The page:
Dylan Cozens - Cozens puts the "tool" in Toolsy, having been benched this past week for arguing too vociferously with an Ump about a call, on top of having to leave his High School baseball team after an altercation with a coach. Kid can hit though and seems to have good plate discipline. His current line is a very solid .260/.340/.458, 5 HR, 7 SB (2 CS), 22.7% K, 10.7% BB. Dylan's a Right Fielder now, but he's a massive young man who may eventually need to move to First. That move means he needs to seriously mash baseballs to be a real prospect.

J.P. Crawford - Essentially the other end of the temperment spectrum, this year's top pick has been a blast to follow. He's currently sporting a .356/.446/.471 line with 4 doubles, 3 triples, 14 BB and 14 K in 102 PA with 9 SB (4 CS). Could be a Top 100 Prospect by the end of the season.

Kelly Dugan - Dugan's adjusting some to Double-A. The overall line in Reading of .287/.333/.468 looks plenty good, but the 2.9% BB rate suggests he hasn't fully adjusted yet, as Dugan typically sports something close to 10% for his walk rate. A .181 ISO is great though and his K rate is in great shape. Dugan doesn't have any great skill that stands out, but I've been unreasonably high on Dugan for a while now and I think ranked him higher than anyone else this Winter. I think he can be a .280-ish hitter with 20-25 HR/per year. Not an All-Star, but that's a pretty usefull guy to have around.

Deivi Grullon - Not a guy I've talked about much, but these monthly updates and end of season updates are good places to discuss interesting guys in VSL, DSL and GCL. .203/.266/.254 is not the greatest of lines, but Grullon's walk and K rates are pretty reasonable and he's a 17 year old playing in the US for the first time and learning his position.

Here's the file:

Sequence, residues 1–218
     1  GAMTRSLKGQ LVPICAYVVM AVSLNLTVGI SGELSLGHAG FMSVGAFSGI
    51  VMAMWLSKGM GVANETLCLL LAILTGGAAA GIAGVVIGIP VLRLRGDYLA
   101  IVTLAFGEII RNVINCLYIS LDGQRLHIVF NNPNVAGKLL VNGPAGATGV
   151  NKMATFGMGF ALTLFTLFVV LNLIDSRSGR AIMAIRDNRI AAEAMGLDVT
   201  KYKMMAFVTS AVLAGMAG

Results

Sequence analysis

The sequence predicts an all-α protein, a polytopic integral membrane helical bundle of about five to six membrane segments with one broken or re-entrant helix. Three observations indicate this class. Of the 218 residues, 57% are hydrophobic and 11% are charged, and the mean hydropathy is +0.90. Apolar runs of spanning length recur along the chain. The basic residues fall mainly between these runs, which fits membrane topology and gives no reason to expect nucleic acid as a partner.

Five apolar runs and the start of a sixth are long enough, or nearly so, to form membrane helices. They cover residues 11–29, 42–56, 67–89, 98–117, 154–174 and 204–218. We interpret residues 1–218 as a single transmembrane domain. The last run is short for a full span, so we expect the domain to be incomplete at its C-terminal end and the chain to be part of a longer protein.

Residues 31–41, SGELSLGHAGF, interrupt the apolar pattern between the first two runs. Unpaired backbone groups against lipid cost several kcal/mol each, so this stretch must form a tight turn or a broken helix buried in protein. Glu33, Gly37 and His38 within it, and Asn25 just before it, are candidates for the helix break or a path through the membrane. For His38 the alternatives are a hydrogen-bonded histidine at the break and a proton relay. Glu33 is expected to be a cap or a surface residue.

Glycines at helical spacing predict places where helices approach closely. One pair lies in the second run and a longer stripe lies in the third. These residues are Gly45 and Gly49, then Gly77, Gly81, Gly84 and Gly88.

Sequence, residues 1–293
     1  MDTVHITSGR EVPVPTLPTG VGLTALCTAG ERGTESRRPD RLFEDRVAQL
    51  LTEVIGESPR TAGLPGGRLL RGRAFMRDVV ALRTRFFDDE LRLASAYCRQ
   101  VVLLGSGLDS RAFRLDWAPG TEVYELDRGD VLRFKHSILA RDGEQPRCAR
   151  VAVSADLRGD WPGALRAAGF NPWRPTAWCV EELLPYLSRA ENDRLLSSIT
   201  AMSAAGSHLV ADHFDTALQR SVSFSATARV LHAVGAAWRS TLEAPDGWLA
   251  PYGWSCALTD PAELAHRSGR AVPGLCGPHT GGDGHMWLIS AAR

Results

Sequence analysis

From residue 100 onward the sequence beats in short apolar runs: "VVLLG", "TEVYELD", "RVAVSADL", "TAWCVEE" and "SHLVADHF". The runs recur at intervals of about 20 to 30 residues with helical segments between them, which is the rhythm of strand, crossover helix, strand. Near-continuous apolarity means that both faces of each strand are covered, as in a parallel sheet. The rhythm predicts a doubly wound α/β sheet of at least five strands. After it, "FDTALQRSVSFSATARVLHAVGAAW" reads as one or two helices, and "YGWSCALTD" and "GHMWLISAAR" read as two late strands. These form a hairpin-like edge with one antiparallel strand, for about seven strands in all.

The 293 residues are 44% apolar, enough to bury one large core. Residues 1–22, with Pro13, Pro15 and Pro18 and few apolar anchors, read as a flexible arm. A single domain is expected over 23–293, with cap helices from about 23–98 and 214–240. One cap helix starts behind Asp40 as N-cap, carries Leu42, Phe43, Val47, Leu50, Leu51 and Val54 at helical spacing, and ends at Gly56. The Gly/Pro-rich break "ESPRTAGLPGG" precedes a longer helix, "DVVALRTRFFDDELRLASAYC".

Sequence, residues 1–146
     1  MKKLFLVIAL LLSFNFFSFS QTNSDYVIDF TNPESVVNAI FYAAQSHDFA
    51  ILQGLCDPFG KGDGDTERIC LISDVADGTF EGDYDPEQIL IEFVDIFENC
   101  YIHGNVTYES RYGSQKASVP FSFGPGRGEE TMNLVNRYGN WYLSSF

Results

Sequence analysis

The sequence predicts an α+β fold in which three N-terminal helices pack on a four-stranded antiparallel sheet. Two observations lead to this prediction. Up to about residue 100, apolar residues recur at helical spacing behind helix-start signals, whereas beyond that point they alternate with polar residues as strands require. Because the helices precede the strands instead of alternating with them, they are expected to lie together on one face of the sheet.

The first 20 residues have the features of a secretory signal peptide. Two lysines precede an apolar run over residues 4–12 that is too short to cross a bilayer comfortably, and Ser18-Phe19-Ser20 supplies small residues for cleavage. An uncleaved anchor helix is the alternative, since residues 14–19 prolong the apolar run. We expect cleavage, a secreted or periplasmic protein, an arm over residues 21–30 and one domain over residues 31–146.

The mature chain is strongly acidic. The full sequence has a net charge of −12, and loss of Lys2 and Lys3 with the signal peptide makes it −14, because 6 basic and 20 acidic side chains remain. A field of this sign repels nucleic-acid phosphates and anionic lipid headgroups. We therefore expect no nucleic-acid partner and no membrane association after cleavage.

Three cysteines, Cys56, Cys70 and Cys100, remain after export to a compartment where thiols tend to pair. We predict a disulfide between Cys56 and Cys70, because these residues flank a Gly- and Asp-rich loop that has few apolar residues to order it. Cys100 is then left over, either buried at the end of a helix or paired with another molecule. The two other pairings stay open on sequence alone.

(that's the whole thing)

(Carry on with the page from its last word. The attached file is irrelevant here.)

Anthony Hewitt - Another guy who people like to point to as evidence of busts the Phillies have drafted. Hewitt's eligible for Minor League Free Agency at the end of the season and the Phillies will need to decide if he's worth keeping. I would lean "no", but BradinDC and Mattwinks were discussing his splits on Twitter, and the guy is absolutely destroying LHP this year going .379/.417/.909 with a .326 BABiP and .530 ISO. It's a smallish sample size at 72 PA and he's well beyong incompetent against RHP, but as the future short side of an OF Platoon, he may have enough value to keep. Of course that mean playing him on Defense too and Hewitt has quite a history of throwing errors, but even there he's improved this year. He can play either corner (though, oddly he's much worse in Left) and has a handful of games in Center. Call me crazy, but I'd lean toward signing him and inviting him to camp.